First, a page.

Let’s face it. Technology is part of our everyday life. We can’t avoid it. Technology’s obvious and sometimes less evident presence in our world is worth examining further. For asset owners and investors who value impact as well as financial returns, it is even more important that we examine technology’s effects and its potential – both positive and negative.
In this short blog, I will examine a couple of areas that we have explored with our investor communities at Katapult Future Fest and the Nordic Impact Investing Network (NIIN) Carbon Markets Series, as well as our work with wealth holders through our Impact Investing Academy more generally.
In the venture capital community (including our sibling organisation Katapult VC), there is always great excitement about the potential of technology to help solve societal and environmental challenges.
Tech lends itself to scalability and it’s natural that impact investors are excited about its potential to create impact at scale. As of September 2021, climate tech has grown 5x in the last 5 years1 and account for 14 cents of every VC dollar2 – demonstrating investor sentiment and how the market views its potential.
As the race to get to net zero becomes more urgent, we have seen exciting developments in green hydrogen with investors and governments around the world homing in on its potential. At Katapult Foundation, we have hosted webinars to distil the most impactful opportunities in carbon markets, many of which are tech enabled, including carbon removal and better management and modification of natural environments. So, there’s little doubt that new climate tech has a crucial role to play if we are serious about moving towards net zero, but I am ever mindful of our over-reliance on future technologies to save us from ourselves and the problems we are creating now. Bill Gates, one of climate tech’s biggest proponents and investors, has said that plenty of climate tech won’t last but the dozen that do succeed will make a significant contribution in the fight against climate change.
Much of the VC dollars going into climate tech have been in “impact lite” areas such as apps tracking emissions; for investors serious about impact, emission reduction and climate adaptation in hard-to-abate sectors such as shipping, cement and steel production need a lot more attention and capital, not to mention the drought of climate investments in the Global South, where the effects of climate change are felt most acutely.
Unintended consequences of the rise of tech
Technology has undoubtedly improved our daily lives in remarkable ways – from learning with others from the other side of the world, to accessing information quickly and easily, to seeing medical professionals on your phone. But it would be remiss to dismiss the serious unintended consequences of technology. Or to assume that tech is neutral. In fact, the alarm of concerns and consequences are increasingly being raised by tech insiders, from the hollowing out of our communities to actively disconnecting individuals.3
In Shoshana Zuboff’s book The Age of Surveillance Capitalism, she argues our personal autonomy and democracy is being eroded through the continuous and relentless drive towards data extraction and continual experiments on users and customers by tech companies for profit. Since then, we have seen how the use of black box algorithms played a significant role in election results in the United States and United Kingdom as rivetingly told by Christopher Wylie in Mindf*ck: Inside Cambridge Analytica’s Plot to Break the World.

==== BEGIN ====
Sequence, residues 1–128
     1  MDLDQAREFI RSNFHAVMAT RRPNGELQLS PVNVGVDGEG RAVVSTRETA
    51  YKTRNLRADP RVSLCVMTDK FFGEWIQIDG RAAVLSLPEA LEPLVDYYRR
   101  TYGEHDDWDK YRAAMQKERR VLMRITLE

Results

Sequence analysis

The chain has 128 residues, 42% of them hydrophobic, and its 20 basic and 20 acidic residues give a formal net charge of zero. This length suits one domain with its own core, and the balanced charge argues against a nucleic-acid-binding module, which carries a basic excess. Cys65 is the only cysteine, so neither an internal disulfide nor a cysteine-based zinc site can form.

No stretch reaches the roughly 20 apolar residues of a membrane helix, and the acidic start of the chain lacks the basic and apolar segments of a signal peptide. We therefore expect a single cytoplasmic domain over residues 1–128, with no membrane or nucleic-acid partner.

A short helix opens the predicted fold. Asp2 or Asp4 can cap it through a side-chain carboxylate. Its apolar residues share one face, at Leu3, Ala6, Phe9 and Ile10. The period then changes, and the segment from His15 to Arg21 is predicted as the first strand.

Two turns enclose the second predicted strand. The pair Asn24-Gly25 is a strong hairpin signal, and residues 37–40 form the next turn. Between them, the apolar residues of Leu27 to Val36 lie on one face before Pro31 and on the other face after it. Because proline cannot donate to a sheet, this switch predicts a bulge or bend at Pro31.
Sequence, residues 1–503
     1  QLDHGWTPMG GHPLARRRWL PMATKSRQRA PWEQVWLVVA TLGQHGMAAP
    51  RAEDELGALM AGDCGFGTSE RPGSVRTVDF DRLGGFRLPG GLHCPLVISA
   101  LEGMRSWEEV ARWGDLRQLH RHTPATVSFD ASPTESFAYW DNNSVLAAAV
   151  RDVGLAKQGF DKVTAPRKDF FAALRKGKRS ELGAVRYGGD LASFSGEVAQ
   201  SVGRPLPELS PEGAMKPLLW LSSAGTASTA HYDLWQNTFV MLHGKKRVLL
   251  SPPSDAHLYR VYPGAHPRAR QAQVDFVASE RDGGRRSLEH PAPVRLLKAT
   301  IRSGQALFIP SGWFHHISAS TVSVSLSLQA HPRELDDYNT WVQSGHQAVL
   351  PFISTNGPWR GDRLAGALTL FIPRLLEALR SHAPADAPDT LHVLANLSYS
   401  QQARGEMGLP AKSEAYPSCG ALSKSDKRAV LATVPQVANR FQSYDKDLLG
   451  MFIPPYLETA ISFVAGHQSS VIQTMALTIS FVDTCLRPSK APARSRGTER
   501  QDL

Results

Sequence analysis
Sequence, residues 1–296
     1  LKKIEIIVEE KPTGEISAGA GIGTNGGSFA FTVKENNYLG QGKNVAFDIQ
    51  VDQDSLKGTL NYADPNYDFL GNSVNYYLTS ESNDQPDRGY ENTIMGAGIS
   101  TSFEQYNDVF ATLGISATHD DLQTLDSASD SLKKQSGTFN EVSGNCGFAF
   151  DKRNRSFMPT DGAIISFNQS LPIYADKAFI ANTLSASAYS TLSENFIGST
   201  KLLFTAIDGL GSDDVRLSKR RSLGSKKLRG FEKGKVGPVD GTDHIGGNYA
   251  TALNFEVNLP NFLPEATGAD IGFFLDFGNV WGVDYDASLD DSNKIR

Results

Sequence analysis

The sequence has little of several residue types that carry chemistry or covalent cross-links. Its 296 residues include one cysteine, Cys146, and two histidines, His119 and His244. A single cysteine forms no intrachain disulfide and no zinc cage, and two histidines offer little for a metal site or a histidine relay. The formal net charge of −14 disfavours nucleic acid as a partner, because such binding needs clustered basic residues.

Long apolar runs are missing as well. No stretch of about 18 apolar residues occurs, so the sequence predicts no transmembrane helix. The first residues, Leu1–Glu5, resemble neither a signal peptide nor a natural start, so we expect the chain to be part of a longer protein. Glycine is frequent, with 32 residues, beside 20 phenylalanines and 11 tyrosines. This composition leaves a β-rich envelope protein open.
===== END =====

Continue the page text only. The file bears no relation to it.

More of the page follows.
Optimism for the future?
So, what can we as impact investors do? A lot!
From coming together to learn about the effects of our investments – intended and unintended, to allocating capital in early stage innovation that is seeking solutions to the new challenges that have been created by tech, as well as putting our capital into tech for good.
Power of convening and learning
Investors have convening power, and with that, the ability to share and learn from past experiences and failures. Being mindful of the limitations of investing and technological solutions alone, as we have seen in our systems change IMP+ work, many investors – in particular, wealth holders – are taking a holistic approach to their investments; encompassing investing through an impact lens, advocating for change as well as really listening and bringing in stakeholder voices. It may often involve a technology component because of how effective it is as an accelerant. Tech is not a panacea, but it is a tool like many others.
Allocating our capital – financial and human
Impact investors are funding innovative future technologies and broader tech-for-good opportunities. We have an important role to play in ensuring tech is more responsible. For example, Katapult Foundation has joined other impact focussed investors in funding Rainfall, a start-up focused on empowering data sovereignty and giving individuals control of their data. Katapult VC, of course, had a rich portfolio of impact tech building solutions in climate, ocean and Africa.
Tech Optimism and Realism- the beauty of diverse opinions
Technology is here to stay whether we like it or not. We need both Tech Optimists and Tech Realists. The optimists shoot for the moon and achieve what we thought would be impossible and the realists point out the potential risks and problems associated with emerging technologies. As investors, we can and must play a role in shaping our tech future.
Note: In our Impact Investing Academy, we have developed a tech-for-good learning module for wealth holders. We hope more wealth holders will join our community so we can learn, share, and explore solutions together.